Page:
Section "Extensions" Option "DPMS" "Disable" EndSection

# apk add xdotool

# crontab -u root -e 
* * * * * DISPLAY=:0 /usr/bin/xdotool key F5

Note that xset is not an option here, as it's not included by default. It can be installed from repositories, if needed. That's it. Now reboot, and watch the RPI boot into firefox without user intervention. At this point, you have a functioning minimal OS booting from RAM, with firefox, and ~30MB of available space for further configuration.

Digital Signage

It's common to use GNULinux and x86/RPIs for digital signage. A quick glance at https://elinux.org/RPi_Projects/Digital_Signage will show a number of options. Why would you use this guide for digital signage vs. those pre-built projects?

  1. Alpine runs from RAM, which increases the lifetime of the storage (flash / hdd).
  2. There is no requirement to use 'cloud' services, or depend upon an internet connection.
  3. You have full control over the build and design (all kiosk build steps are documented & have a small learning curve, compared to some of the more complex projects mentioned above).
  4. Free software. No recurring costs (outside of optional maintenance).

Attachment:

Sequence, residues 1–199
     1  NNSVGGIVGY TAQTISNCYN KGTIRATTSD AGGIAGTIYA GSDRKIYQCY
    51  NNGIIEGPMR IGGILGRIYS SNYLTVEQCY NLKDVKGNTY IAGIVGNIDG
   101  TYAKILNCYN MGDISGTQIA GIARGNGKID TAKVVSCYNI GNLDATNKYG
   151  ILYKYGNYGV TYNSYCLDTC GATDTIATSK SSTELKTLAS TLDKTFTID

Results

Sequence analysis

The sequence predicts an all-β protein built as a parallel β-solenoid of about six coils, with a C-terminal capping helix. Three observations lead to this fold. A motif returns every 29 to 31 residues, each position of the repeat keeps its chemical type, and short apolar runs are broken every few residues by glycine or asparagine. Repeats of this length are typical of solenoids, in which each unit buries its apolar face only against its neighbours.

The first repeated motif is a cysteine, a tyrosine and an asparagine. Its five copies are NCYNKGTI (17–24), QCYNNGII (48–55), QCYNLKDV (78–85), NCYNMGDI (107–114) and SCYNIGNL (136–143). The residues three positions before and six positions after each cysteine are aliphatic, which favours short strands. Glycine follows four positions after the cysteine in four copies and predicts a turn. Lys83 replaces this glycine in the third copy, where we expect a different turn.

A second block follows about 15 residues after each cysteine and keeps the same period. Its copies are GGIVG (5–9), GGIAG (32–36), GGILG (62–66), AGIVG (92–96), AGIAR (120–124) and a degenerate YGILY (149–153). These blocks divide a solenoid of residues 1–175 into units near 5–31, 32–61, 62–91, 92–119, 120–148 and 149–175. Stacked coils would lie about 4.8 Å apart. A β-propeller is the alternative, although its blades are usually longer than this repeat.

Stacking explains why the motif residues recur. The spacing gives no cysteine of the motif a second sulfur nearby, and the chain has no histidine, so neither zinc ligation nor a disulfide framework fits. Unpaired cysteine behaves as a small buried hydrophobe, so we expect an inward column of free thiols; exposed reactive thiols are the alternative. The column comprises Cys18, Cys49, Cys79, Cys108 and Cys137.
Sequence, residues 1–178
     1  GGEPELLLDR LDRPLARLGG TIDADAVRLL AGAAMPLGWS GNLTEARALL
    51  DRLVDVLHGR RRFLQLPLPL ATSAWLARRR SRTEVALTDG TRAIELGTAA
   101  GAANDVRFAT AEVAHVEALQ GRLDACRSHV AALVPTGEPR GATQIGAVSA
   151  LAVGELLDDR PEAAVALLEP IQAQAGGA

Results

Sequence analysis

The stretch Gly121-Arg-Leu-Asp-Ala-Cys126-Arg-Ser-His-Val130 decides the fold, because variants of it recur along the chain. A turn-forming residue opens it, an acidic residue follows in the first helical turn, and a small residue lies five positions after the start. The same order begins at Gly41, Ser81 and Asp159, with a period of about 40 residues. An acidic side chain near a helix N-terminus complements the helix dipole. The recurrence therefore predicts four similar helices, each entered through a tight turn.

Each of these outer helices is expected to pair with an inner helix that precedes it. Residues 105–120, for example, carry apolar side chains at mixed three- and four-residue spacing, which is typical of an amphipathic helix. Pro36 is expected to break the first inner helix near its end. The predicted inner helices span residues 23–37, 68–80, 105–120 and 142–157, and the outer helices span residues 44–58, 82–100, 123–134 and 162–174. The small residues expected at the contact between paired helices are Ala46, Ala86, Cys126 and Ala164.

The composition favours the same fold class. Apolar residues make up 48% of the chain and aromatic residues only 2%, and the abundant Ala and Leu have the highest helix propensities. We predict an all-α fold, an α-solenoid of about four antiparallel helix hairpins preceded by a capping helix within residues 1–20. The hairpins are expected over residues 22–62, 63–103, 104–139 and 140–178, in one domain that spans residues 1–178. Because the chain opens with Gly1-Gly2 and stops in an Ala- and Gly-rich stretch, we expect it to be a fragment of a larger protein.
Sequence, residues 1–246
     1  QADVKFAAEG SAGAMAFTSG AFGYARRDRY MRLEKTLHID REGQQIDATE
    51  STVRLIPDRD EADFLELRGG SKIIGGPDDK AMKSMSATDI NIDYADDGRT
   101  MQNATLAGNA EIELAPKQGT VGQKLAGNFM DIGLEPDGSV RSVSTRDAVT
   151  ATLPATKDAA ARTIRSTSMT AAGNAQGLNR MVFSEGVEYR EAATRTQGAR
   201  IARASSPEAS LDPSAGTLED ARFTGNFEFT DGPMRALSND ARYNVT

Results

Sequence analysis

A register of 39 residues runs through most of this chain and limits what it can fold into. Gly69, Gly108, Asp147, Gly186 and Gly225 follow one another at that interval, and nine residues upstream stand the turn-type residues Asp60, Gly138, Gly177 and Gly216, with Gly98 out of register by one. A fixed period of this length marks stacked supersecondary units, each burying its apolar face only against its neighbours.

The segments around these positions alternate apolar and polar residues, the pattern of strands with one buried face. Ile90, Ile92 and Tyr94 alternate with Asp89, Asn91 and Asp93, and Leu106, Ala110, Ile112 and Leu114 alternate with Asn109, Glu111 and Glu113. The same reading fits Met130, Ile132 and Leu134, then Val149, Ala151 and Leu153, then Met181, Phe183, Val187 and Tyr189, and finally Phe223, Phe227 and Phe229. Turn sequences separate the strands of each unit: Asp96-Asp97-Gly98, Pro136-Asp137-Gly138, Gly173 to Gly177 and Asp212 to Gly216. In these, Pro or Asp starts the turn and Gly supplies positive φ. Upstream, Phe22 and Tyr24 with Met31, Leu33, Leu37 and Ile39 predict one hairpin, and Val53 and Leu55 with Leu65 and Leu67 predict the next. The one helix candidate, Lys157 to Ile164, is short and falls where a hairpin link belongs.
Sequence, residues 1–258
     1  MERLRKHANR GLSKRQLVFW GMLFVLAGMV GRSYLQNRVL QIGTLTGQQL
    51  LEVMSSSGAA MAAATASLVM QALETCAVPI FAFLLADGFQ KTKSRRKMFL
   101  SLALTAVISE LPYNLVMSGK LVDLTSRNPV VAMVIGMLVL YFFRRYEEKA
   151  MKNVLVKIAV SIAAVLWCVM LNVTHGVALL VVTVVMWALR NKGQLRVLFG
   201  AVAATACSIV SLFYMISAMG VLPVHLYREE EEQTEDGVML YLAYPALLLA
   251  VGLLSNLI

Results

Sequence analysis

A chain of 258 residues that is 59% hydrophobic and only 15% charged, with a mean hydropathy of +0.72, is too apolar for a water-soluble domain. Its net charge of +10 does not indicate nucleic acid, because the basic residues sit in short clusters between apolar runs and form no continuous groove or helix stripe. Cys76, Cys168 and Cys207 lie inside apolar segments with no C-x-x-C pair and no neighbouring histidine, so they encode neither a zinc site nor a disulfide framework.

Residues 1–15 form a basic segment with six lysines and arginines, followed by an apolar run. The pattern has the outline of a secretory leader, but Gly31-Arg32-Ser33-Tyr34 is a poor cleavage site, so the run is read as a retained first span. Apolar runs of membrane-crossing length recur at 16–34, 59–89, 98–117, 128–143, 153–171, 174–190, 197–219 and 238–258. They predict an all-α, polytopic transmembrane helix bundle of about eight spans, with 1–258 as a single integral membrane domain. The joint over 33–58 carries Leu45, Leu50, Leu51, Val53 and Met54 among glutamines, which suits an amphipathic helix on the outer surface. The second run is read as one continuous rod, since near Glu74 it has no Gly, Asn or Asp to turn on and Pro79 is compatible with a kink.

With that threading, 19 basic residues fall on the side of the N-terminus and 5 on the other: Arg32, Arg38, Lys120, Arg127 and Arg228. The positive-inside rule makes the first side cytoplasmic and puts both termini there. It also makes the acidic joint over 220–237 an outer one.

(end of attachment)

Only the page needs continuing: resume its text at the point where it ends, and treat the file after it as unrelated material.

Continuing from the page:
5. No ties to external infrastructure / frameworks. Full freedom.

In this addition to the guide above, I will install Chromium, which seems to be the defacto standard. However, you could use any application that runs in X. Here we will also run a web server with PHP, which hosts the resources we want to display on the sign. Make sure community apk is enabled in /etc/apk/repositories

apk add chromium

In /etc/startup.sh add the browser instead of firefox:

 chromium-browser --home-page http://127.0.0.1/resource --no-sandbox --window-size=1920,1280 --start-fullscreen --test-type

Note that this is a potentially insecure setup, and users are advised to add a user, and remove the --no-sandbox tag. The tags used are the following: --home-page will start us on a given URL. --no-sandbox will allow root to run chromium. --window-size will give us the resolution we want, and start-fullscreen will ensure the browser takes up all of the screen.

If you deploy the device on a TV, and you are unsure what resolution it is, you can access the resolution from the terminal (not in X), by using

xrandr -d :0